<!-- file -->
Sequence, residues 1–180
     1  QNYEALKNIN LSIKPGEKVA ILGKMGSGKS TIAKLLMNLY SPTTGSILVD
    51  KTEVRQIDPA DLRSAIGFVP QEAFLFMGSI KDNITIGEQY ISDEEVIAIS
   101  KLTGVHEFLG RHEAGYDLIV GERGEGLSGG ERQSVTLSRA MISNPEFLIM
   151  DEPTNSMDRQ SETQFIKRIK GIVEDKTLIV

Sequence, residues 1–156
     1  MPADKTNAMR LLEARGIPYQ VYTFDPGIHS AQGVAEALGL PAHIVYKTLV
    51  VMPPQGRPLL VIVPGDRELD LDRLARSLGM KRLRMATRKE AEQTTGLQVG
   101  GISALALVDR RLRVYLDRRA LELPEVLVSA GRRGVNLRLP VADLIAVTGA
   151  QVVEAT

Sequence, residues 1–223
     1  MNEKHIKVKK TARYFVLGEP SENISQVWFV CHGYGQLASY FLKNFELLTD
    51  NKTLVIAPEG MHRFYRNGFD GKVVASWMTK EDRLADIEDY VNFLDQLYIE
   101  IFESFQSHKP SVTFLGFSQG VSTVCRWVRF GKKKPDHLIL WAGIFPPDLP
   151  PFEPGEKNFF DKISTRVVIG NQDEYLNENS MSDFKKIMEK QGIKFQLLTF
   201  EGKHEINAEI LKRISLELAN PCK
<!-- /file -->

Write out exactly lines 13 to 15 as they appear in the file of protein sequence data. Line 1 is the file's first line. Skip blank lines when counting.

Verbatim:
    51  NKTLVIAPEG MHRFYRNGFD GKVVASWMTK EDRLADIEDY VNFLDQLYIE
   101  IFESFQSHKP SVTFLGFSQG VSTVCRWVRF GKKKPDHLIL WAGIFPPDLP
   151  PFEPGEKNFF DKISTRVVIG NQDEYLNENS MSDFKKIMEK QGIKFQLLTF